Mejia Strikes Out of MLB
"Hey! Who spiked my drink with Boldenone?"
“What’s not to like about this kid? At 19 years old, Mejia posted a 1.97 ERA in 50.1 High-A innings. Bumped up to Double-A Binghamton, his superficial numbers look weak (0-5, 4.47 ERA), but his peripherals are still solid. He’s suffering from a .350 BABIP thanks in part to a mediocre defense; however, he has a 3.49 FIP and has struck out 47 batters in just 44.1 innings. His walks have increased a tick, but with his age and talent, Mejia could find his way into some Top 50 (or higher) prospect lists this year.” -2009 Hardball Times in an article about top Met prospects.
It had to happen to this franchise didn’t it? The first ever lifetime ban for performance enhancing drugs would be a Met. Of course it would. As Mets fans we knew that the Cespedes signing would be offset by some kind of bizarre karmic boomerang. And exactly three weeks later "boiinng" it happened. The lifetime banning of Jenrry Meijia adds another surreal twist to the history of the team that once lost 120 games, had a player traded for himself, wound up players in an historic ponzi scheme and now this. In regards to Meijia has there ever been a more star-crossed player in Met history?
Don’t believe me?
Let’s take a look back at Jenrry’s wild ride with the Mets:
2007-He is signed out of the Dominican Republic at age 17 as an amateur free-agent.
2008-Leaps onto the prospect radar at 18 as a SP after a combined 5-2 2.89 67 K’s in short-season A-ball with GCL Mets and in Brooklyn.
2009-The then 19 year-old enters the season as the seventh-ranked Met prospect according to John Sickels. He leapfrogs Savannah for St. Lucie, tears it up there (4-1 1.97 44 K’s) and finishes winless (0-5) at AA Binghamton but still averages 9.5 K per nine IP there.
2010-Sickel’s names him the #1 Met prospect. He sees Mejia as a potential ace but closes his review with a prophetic, “I hope they don’t rush him.” Oops, rush him they did. Meijia makes his MLB debut at 20 in April as a reliever for a beleaguered Met bullpen. After pitching 30 games as a reliever (0-2 3.25 17 K’s) into late June the Mets reverse course-it won’t be the last time they do this-sending him down to the B-Mets to stretch out as a starter for a September call-up. Three horrible late season big league starts balloon his season ERA to 4.62. This raises questions about both his arm health and whether he’s better off starting or relieving in the future.
2011-Mejia begins the season starting in Buffalo. In his fifth start he leaves after just four innings with elbow soreness. A few days later he’s diagnosed with a complete tear of his medial collateral ligament and later undergoes Tommy John surgery. He won’t pitch again until 2012.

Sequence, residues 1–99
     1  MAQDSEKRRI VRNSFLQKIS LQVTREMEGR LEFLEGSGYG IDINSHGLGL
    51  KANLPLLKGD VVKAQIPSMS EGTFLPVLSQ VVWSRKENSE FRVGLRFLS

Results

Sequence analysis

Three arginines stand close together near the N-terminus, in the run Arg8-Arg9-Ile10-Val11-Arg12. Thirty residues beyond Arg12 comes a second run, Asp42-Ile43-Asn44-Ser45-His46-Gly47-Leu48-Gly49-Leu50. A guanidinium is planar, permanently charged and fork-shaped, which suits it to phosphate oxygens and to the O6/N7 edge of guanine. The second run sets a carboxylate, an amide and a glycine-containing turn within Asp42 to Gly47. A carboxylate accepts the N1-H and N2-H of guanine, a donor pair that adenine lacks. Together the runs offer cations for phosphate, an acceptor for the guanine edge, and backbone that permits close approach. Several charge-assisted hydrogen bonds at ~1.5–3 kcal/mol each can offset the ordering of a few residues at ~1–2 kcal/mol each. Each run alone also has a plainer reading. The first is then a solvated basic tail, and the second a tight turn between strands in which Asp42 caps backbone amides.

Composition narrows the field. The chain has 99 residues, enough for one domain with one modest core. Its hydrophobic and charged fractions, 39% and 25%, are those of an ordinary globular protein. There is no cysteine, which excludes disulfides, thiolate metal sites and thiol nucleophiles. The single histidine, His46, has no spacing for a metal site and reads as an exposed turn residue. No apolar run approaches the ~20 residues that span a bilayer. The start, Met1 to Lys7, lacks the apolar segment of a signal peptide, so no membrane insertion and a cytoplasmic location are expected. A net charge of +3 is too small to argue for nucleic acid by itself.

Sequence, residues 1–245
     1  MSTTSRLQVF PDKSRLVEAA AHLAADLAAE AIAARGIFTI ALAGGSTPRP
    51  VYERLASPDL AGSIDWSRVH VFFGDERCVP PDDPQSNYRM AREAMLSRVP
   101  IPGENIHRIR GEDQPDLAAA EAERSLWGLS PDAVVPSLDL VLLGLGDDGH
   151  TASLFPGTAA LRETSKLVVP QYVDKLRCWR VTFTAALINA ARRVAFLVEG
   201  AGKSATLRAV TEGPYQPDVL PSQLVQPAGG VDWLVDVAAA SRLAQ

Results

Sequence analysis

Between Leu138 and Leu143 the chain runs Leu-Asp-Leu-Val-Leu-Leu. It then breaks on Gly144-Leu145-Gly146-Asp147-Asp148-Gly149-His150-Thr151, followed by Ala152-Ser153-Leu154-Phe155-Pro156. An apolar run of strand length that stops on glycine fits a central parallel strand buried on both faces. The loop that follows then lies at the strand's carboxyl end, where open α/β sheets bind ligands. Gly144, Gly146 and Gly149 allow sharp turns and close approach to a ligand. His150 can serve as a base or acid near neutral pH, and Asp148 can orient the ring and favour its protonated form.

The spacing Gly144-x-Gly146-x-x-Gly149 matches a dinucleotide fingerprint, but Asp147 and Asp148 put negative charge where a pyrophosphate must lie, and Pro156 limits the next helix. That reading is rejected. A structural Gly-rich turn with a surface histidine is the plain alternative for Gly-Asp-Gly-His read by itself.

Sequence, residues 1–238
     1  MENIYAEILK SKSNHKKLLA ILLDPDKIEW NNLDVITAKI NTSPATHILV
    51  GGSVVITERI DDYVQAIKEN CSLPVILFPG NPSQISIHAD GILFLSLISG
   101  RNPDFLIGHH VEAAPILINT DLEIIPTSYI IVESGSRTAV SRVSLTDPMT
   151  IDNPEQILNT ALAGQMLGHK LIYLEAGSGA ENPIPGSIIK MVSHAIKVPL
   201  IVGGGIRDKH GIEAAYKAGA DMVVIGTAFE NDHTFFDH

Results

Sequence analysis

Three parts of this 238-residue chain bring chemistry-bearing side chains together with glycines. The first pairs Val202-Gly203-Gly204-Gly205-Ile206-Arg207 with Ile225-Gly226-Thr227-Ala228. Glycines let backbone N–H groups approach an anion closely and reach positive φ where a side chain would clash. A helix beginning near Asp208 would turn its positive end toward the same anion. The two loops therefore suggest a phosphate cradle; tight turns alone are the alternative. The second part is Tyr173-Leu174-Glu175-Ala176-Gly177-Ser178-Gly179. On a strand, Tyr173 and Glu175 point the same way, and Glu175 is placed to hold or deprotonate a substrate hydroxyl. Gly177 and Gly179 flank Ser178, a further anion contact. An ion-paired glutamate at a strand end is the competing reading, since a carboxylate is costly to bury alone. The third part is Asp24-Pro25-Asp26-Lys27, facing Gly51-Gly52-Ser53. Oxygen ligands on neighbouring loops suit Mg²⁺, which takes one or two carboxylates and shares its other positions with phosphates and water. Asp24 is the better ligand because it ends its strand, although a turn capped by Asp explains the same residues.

It was a long road back to the mound.
From an Andy McCullough article on NJ.com in March 2012:
2012-After a few months rehabbing in the minors Mejia makes first MLB appearance in almost two years on September 7th and ends up pitching in 5 games (3 starts) with just 8 K’s and a 5.63 ERA. The soon to be 23 year-old was at an early career crossroads entering 2013.
2013-The year starts ominously with elbow inflammation sidelining him and reaches its nadir when he’s transferred to the 60-day DL to make room for newly signed outfielder Rick Ankiel. Let that sink in for a moment. Then, like a phoenix rising from the ashes, he returns to the major’s with a bang, blanking Washington over seven innings with 7 K’s. He followed that up with three more solid starts. But, in what was a pattern with Mejia, something would happen to cut his Met season short. This time it was bone spurs in his elbow. After trying to pitch through it he had to leave an August start against the Padres after hurling just three innings. He was shut down and required surgery to have the bone spurs removed.
2014-In retrospect this season looks like it will be the high water mark of Mejia’s career. But as usual things started out differently than they would end. He began the season in the rotation then was switched to the bullpen where he finished as the closer. As a starter he had control issues and was 3-0 with a 5.06 ERA. After switching to the bullpen, however, he turned in a 2.72 ERA with 28 saves and 9.6 K’s per nine. Mejia also became a fan favorite with his demonstrative actions on the mound. He finally seemed to have found his place or so it seemed.
"If we start the season and Jenrry is the closer and he is dealing, he's going to be the closer," -Terry Collins, 2/21/15 nj.com.
2015-The follow up season to a relative calm 2014 went south early and never looked back. Although Mejia started the season as closer he wouldn’t pitch in a game until July 12th. Early season elbow stiffness while warming up for a potential opening day save started a series of events that took him from major league closer to persona non gratis on the MLB diamond. First a positive test for the steroid Stanozolol put him out of actions for 80 games. As a result he lost his closer role to Jeurys Familia but returned as the 7th inning set-up man on July 12th. Before the month was up he was tested for steroids again, this time for two steroids, adding Boldenone to the mix. This second infraction would sideline Mejia for 162 games. Lesson learned, right? Well, not quite…
We all know what's happened since. In the span of less than a year he’s been caught three times for steroid use. Nobody’s gotten that kind of hat trick before in sports! If you’re gonna flame out go big or go home huh Jenrry?